Pre-diabetes symptoms

By | November 5, 2017

Pre-diabetes symptomsType 2 diabetes mellitus is becoming more and more important in society. It is known that poor control of blood sugar, lipids and high blood pressure are factors that seriously damage vessels throughout the body, causing lasting damage to a number of organs and degrading the quality of life.

One possible sign that you may be at risk of type 2 diabetes is darkened skin on certain parts of the body. Affected areas can include the neck, armpits, elbows, knees and knuckles. Classic pre-diabetes symptoms that suggest you’ve moved from prediabetes to type 2 diabetes include: Increased thirst

This type of diabetes mellitus differs significantly from type 1. The latter is of autoimmune genesis, mainly in childhood, with acute onset and requires active treatment to prevent acute complications, and chronic ones are observed after a certain period of disease. Diabetes mellitus type 2 starts slowly, submally, in older age, and unlike the previous one, diagnosing it often happens accidentally, on other occasions. Here, due to the large but unnoticeable limitation of adverse glycemic control, the presence of dyslipidemia, hypertension and smoking, chronic complications occur soon after the disease is detected, if not at the very detection.

Pre-diabetes is a condition of high blood sugar, either fasting or after eating, above the normal but below the diagnostic values ​​for diabetes. It is a global problem correlating with the incidence of obesity, which has been significantly increased in recent decades.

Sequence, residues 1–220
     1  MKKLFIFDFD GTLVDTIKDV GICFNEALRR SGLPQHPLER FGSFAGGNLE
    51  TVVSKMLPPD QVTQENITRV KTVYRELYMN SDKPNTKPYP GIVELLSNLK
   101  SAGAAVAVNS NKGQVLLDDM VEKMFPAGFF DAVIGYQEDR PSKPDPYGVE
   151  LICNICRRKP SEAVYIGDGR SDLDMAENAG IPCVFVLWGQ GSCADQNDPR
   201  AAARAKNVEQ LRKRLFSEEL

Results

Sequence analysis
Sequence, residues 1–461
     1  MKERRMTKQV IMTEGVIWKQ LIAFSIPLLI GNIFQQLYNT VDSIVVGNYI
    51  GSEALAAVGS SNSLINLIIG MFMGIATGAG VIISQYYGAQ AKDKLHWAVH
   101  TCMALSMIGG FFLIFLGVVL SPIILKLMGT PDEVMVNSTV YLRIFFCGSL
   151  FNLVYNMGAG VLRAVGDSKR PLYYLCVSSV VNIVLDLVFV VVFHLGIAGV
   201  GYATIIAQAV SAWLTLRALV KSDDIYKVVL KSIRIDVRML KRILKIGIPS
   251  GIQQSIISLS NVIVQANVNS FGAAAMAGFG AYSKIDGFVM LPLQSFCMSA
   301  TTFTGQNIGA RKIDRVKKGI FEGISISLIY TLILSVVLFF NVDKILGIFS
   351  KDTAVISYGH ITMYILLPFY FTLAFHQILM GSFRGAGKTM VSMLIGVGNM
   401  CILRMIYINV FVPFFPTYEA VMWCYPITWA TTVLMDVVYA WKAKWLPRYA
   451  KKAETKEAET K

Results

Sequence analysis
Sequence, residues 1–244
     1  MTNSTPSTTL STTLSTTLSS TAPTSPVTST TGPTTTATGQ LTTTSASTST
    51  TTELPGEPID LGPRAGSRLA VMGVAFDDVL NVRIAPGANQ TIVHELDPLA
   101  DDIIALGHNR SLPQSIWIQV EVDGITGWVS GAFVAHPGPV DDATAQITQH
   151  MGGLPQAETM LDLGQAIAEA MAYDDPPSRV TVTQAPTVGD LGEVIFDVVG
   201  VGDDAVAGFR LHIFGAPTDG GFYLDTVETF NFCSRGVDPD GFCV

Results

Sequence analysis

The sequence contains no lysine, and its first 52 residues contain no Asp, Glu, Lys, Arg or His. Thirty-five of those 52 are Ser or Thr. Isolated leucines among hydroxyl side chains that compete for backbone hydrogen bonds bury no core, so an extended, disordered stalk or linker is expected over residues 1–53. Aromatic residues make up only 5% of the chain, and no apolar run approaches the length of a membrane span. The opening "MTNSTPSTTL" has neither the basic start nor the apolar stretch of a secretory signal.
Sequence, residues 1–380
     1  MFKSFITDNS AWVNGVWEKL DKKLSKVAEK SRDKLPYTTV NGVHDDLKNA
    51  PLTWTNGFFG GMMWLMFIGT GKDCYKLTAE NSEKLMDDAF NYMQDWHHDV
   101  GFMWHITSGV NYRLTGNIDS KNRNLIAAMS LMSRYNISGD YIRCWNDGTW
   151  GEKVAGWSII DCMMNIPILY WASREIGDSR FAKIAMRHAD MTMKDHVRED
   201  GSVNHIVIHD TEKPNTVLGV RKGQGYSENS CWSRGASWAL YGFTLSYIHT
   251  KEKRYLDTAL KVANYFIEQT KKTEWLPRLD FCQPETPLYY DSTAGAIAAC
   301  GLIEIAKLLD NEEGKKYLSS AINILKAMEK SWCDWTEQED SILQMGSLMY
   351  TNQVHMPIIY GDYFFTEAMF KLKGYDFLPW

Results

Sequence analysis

Generally, glycemic control disorders are discovered by chance in a prophylactic study or in connection with another disease. Complaints are missing.

These are our known risk factors for type 2 diabetes mellitus and pre-diabetes symptoms:
– Overweight or obese – Body Mass Index> 25 – 30. Abdominal obesity with a waist circumference of over 80 cm in women and 94 cm in men is particularly risky.
– Motor activity improves glucose uptake and improves insulin action.
– Age> 45 years As the age progresses, the metabolism changes, the muscle to fat ratio changes, the kilograms increase, the motor activity decreases.
– Family burden with type 2 diabetes mellitus.
– Ethnicity – African-Americans, Latino-Americans, Aborigines, Asians.
– Data on gestational diabetes or a history of birth of a fruit weighing more than 4 kg.
– Data on polycystic ovary syndrome.

Very often, the pre-diabetic condition correlates with changes in lipid status, especially with HDL-cholesterol lowering and triglyceride elevations as well as arterial hypertension. These features, along with weight changes, shape the picture of the metabolic syndrome.

Pre-diabetes symptoms are hardly to be determined. One possible sign that you may be at risk of type 2 diabetes is darkened skin on certain parts of the body. Affected areas can include the neck, armpits, elbows, knees and knuckles.

Classic signs and symptoms that suggest you’ve moved from prediabetes to type 2 diabetes include:
– Increased thirst
– Frequent urination
– Fatigue
– Blurred vision